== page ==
Rosanjin was not in my must-try list when it came to Japanese restaurants but when I got invited over to try their newest menu additions a few days back, I changed my mind.
Rosanjin’s menu is on the pricier side, but they serve a variety of delicious dishes that cater to various lovers of Japanese cuisine–sushi, sashimi, ramen, gyoza, tempura, donburi, and desserts. I suggest if you plan to eat here, bring extra cash so you can try one of everything (and share the load with your friends) to satisfy your Japanese craving.
Must-try are their Tobanyaki and Kaminabe dishes. It’s actually my first time to hear about these styles of serving Japanese food and got impressed with what I saw. (I’m shallow, yes I know.) It’s just that the whole process of cooking it is solemn and mysterious. It makes you appreciate how the Japanese gives importance to their craft of cooking. It’s not like they serve it to you and you hork it all down with a few gulps. You actually become a part of the cooking process!
Quite fancy actually– because it’s the traditional way of cooking Japanese food using earthenware called “toban”. With this style of cooking, there is no risk of burning the meat as the material used transmits heat easily and equally. Plus, you get more flavor from the ingredients itself, giving your taste buds the party they deserve with just a few bites
Note: cooking takes about 7-10 mins. Be patient and avoid that “hangry” vibe before ordering for a pleasant eating experience. Remember: great things take time, that includes food.
We ordered the Australian Rib Steak Tobanyaki, a combination of super soft and juicy meat and tofu paired with 3 sauces: yakiniku, sour cream, and a wine-based sauce. This was my favourite out of all the dishes we tried that night because the beef was so soft and juicy. It was delicately flavoured with spices and the sauces add an extra kick of either soy sauce, cream, or wine (based on your choice). I can literally eat it all day.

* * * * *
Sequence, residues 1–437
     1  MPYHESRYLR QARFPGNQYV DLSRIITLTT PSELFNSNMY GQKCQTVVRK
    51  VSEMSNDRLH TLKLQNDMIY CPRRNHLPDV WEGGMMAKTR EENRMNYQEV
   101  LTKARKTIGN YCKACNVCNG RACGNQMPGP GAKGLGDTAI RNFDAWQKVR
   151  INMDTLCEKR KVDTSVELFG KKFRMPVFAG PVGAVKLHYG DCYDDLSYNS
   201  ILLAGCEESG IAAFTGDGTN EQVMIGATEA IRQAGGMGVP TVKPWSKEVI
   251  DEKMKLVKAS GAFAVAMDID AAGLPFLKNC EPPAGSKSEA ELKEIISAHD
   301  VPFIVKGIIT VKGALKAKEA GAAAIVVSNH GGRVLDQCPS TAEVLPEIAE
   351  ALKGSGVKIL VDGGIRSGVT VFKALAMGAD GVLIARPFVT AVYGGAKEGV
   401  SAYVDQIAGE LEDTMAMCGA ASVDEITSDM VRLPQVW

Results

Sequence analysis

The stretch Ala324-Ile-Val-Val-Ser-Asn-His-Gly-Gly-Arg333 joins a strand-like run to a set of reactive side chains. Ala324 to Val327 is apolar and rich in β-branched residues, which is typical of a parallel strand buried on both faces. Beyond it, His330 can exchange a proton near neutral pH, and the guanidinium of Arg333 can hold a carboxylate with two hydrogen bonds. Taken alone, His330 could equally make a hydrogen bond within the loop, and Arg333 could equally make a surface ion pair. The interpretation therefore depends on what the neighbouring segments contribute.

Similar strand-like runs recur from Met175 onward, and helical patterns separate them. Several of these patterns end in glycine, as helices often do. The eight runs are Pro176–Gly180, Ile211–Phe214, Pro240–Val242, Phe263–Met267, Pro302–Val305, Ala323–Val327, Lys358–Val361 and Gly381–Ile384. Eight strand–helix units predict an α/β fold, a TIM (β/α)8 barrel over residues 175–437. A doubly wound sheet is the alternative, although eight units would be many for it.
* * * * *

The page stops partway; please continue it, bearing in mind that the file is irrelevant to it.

We also ordered Chicken Cheeseyaki. It’s like a Japanese version of cordon bleu but instead of fried chicken and cheese, it’s skinless thigh chicken meat slathered with sauce, cheese, and a side of tomatoes, carrots, and asparagus cooking in its own oil and juices. This one’s good for the kids and kids at heart because of the cute carrot cuts in it.
Now onto the soup! Kaminabe is the traditional way of cooking hot pot dishes using Japanese paper. The Japanese paper used is unlike the flimsy type of paper we buy at National Bookstore. This one is actually sturdy enough to hold the soup without getting burned! It also absorbs the oil and scum from the ingredients thus resulting to a healthy and delicate taste. Amazing!
We ordered Sukiyaki and Shrimp Kaminabe and both bowls of soup were exactly what we expected–hearty and simmering with flavour. I preferred more noodles and sweet taste from the sukiyaki, but that’s just my own preference. We were actually worried at first if the beef would get cooked but after a few mixing and stirring, it was cooked thoroughly, tender, and tasty. The shrimp was half cooked already before the Kaminabe cooking took over so we had no worries about that. We just hoped the shrimps were served without the shell so it would be easier to eat. But yes, everything was delicious and swimming in yummy hot broth so I’m good.
To cap off the night, we had green tea pudding topped with red monggo and a dollop of whipped cream. It was the perfect sweet palate cleanser after slurping soups and eating savoury meats.
If you happen to come by Rosanjin this month of September and order either 1 Tobanyaki or Kaminabe, you can avail 1 order of California roll for only 1 Peso!
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